I’ve spent most of my lunchtimes this week desperately searching newsagents for the BBC Sky at Night magazine, hunting for the elusive copy with free solar viewing glasses. As today’s eclipse approached, first E-bay then Amazon’s stocks of the glasses ran dry. Only, I didn’t know this as I hadn’t checked. By the time I did, it was too late.
Having exhausted shops the length and breadth of Brighton, Hammersmith and around Victoria station I’d given up hope of ever finding them. Then, I found the magazine complete with it’s free gift in WHSmiths, in Rustinton, three minutes from my house.
You see, dear reader, the purpose of this wild goose chase was today’s partial eclipse of the sun.
I remember the last one in August 1999, I was 19 and had a trés cool summer job in the local library. I remember what an impact it had on me, feeling that definite sense of smallness that many others report. So I was, quite understandably, quite excited about this one.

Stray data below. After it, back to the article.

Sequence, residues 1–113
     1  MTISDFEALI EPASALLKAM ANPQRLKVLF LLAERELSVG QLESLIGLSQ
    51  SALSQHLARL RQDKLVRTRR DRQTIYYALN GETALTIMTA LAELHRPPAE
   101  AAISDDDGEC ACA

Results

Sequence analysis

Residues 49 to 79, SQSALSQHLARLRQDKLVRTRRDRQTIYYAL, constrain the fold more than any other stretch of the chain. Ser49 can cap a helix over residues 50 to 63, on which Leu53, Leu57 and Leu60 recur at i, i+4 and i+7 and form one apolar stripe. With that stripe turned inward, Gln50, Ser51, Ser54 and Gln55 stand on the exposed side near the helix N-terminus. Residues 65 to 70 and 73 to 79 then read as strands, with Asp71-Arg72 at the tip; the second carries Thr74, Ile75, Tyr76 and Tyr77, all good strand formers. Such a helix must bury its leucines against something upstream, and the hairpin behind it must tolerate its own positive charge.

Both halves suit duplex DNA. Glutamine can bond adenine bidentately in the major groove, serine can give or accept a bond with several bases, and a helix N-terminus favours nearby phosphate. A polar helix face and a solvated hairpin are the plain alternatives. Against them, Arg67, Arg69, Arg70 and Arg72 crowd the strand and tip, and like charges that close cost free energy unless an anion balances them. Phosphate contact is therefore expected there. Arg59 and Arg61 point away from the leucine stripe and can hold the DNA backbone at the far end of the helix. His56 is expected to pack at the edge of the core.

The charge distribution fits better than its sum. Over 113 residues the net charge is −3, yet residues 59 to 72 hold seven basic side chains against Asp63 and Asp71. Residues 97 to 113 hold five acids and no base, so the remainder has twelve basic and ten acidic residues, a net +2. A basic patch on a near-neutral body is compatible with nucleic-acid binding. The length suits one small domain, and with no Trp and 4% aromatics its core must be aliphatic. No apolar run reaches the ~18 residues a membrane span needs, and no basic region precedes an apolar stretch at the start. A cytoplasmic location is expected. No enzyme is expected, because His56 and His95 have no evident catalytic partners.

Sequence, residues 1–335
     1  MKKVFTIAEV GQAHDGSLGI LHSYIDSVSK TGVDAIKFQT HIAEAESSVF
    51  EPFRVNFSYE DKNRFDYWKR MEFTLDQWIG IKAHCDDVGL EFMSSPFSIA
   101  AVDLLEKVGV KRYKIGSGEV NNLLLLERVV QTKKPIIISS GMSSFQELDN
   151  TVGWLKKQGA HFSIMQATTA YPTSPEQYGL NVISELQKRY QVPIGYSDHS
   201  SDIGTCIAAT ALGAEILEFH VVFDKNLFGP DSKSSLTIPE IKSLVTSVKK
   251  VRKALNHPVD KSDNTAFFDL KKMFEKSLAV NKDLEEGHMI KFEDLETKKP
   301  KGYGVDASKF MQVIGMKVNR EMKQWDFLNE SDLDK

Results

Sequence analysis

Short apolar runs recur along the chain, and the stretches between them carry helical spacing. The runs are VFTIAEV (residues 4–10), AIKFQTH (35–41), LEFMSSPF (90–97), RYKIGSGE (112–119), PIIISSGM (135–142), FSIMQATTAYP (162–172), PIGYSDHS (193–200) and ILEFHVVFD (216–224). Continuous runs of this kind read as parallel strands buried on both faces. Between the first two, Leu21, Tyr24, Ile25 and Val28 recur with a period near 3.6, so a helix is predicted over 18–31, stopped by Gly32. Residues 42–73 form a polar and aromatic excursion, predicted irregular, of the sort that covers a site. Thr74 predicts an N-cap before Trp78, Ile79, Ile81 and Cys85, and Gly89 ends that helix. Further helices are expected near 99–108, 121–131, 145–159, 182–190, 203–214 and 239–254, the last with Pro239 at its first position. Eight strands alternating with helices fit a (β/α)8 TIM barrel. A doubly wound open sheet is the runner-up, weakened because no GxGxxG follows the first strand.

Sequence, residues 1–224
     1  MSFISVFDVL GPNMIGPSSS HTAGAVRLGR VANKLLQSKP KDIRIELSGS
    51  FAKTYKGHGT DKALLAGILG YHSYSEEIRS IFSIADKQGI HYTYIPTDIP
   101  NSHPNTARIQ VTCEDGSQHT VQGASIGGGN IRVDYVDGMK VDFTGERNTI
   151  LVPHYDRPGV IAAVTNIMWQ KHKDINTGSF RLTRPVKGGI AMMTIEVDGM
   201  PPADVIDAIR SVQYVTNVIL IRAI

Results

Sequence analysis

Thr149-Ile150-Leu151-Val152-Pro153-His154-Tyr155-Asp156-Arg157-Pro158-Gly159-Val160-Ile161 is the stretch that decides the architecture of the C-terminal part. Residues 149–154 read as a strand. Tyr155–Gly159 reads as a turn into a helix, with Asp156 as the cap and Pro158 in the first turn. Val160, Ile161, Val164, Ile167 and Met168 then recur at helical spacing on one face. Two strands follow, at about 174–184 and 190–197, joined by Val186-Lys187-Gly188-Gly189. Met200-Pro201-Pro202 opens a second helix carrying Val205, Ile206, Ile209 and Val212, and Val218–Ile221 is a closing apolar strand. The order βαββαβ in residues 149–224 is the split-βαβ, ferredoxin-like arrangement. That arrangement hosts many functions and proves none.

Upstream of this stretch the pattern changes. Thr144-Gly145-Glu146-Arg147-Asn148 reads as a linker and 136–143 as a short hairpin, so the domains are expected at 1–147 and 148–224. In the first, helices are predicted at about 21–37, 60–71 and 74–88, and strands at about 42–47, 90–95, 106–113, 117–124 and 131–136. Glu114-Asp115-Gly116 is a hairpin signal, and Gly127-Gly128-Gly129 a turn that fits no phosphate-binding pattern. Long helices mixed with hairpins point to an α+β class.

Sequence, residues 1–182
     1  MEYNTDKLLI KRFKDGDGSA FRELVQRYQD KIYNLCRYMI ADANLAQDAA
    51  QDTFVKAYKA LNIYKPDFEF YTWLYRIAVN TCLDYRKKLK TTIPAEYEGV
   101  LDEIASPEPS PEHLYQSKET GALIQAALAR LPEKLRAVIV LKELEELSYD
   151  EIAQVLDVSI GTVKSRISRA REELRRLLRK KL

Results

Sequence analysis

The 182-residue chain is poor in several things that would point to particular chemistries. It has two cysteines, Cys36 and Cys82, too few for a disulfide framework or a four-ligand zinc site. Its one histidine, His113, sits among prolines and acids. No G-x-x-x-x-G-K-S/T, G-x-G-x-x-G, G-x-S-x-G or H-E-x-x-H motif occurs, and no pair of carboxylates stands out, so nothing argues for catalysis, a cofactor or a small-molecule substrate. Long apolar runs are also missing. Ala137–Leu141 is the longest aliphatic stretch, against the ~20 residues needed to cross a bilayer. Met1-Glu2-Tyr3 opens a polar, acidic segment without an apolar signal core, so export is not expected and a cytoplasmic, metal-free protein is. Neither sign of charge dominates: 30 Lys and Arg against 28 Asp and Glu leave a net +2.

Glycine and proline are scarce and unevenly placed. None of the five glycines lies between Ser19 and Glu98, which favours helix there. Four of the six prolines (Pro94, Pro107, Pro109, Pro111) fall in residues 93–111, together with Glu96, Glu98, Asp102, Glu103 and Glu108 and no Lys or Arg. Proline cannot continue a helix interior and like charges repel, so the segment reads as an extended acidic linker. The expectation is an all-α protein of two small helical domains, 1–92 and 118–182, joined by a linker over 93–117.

But the bloody weather conspired against all of us along the south coast of England by blocking our view. Mother nature shat out her fluffy diarrhea all over the sky, and all over my dreams.
Katie and I met up with Ellie and Mrs.M. by the big turd on Littlehampton sea-front at half eight this morning, hoping against hope that the sky would clear. Alas, it did not.
The skies did go a little dark, but nothing spectacular, and nothing like I remember; standing on the grassy knoll outside Bloxwich public library all those years ago.
Katie attempted to cheer me up by letting me buy her a coffee at the local pub. While we sat, sipping our hot beverage of choice, we tried not to get too jealous at the brilliant pictures being posted by friends and family up in the Midlands, where the skies had been gloriously clear.
Next chance to see a decent eclipse is August 12, 2026. Oh well, at least I already have the glasses.